Migration and Hidden Discrimination in the World of COVID-19

26 May 2020

On May 14, the Geocase research fellow Bacho Tortladze delivered a speech at Migration and COVID-19 - an international mini-conference organized by the Academician Levan Aleksidze Foundation. The event was organized within the framework of the European Union-funded program, ENIGMA-2, which is implemented by the International Center for Migration Policy Development (ICMPD). The following text was derived from his remarks.

It is clear that COVID-19 has dramatically changed the world in many ways from individual behavior to countries’ political, economic and social policies. This unique challenge has led to substantial global transformations in every field. We can firmly ascertain that the crisis induced by COVID-19 will be long, deep and pervasive. 

Closed borders and lockdowns have practically halted migration—one of the widest global transboundary activities. Among its many other horrific consequences, COVID-19 has contributed to the division of countries into the categories of safe and unsafe, responsible and irresponsible, trustworthy and untrustworthy. States are demonstrating prejudice against each other, sometimes without evidence-based arguments. Despite numerous cases of states supporting each other, the pandemic has succeeded in triggering self-centeredness, an insufficiency of mutual empathy and the dissolution of global solidarity.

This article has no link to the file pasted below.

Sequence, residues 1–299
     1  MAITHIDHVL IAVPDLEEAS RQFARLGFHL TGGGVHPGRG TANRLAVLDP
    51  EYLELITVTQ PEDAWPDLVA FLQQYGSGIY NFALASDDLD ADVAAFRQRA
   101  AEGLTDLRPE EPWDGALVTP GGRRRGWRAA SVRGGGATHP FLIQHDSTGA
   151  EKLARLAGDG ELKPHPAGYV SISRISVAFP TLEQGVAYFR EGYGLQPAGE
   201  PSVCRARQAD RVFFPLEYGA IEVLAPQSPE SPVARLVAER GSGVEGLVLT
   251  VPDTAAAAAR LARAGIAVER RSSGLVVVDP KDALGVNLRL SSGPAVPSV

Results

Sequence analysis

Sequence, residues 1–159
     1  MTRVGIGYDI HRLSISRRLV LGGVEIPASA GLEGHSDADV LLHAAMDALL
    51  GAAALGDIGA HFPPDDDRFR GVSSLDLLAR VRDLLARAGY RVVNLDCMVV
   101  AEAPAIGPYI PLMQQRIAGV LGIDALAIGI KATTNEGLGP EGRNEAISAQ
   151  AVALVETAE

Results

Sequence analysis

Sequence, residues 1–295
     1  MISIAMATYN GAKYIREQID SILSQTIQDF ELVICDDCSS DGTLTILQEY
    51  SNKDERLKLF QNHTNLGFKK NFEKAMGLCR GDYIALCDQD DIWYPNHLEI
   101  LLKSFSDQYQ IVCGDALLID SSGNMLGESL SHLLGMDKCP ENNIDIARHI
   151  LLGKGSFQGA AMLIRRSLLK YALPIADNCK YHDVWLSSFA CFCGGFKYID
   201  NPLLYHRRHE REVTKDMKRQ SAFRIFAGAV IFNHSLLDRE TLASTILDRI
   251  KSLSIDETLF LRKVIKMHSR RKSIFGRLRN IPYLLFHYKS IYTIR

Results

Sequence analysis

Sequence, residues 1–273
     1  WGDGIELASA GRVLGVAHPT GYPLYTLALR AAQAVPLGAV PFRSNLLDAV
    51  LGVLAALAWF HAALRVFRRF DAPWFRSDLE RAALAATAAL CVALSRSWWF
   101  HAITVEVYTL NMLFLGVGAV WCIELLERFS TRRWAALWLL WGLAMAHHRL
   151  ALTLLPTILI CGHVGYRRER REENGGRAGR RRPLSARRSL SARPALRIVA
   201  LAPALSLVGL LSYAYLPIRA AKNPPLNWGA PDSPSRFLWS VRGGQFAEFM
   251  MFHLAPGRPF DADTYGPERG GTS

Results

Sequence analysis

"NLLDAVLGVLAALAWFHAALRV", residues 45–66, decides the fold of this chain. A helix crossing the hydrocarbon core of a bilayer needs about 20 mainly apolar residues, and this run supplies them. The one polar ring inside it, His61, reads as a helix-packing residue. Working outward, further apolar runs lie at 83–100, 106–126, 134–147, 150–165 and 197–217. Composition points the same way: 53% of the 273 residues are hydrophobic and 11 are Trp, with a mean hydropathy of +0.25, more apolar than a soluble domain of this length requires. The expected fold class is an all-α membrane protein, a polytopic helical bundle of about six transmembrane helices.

Countries have had to deal with the painful conflict between state sovereignty and human rights. The world has not experienced a crisis of this scale since WWII, and it will test states’ commitments to human rights. COVID-19 will reveal not only individual states’ positions, but the sturdiness of the human rights-centered global order in place since WWII. In the first phase of the pandemic, while most countries’ borders are still closed, mistreatment of foreigners has not yet peaked. However, with the gradual opening of the borders, the threat of increased discrimination against foreigners looms over. States will likely apply public health arguments to justify the application of discriminatory approaches to different categories of migrants. Instead of adopting a holistic approach to managing migration in the pandemic and post-pandemic world, some countries may introduce a general ban on accepting citizens from certain countries, without examining individual cases, denying admittance based solely on a migrant’s nationality.     

Already, reports from around the world warn of an increase in discrimination and even violence against people who are perceived as foreign. Civil society actors are mobilizing against this wave of verbal and physical abuse. One example is in the Netherlands where an anti-discrimination organization launched an online campaign to encourage people to speak out against prejudice and discrimination arising from the pandemic. The trend extends to Georgia as well, where the group No to Phobia is working to combat prejudice sentiments against the country’s minority ethnic Azerbaijani population. 

This pandemic has brought to the forefront the responsibility of international and non-governmental organizations to hold states accountable, to ensure they uphold human rights and to prevent discriminatory approaches towards all migrants, especially migrant workers and asylum seekers.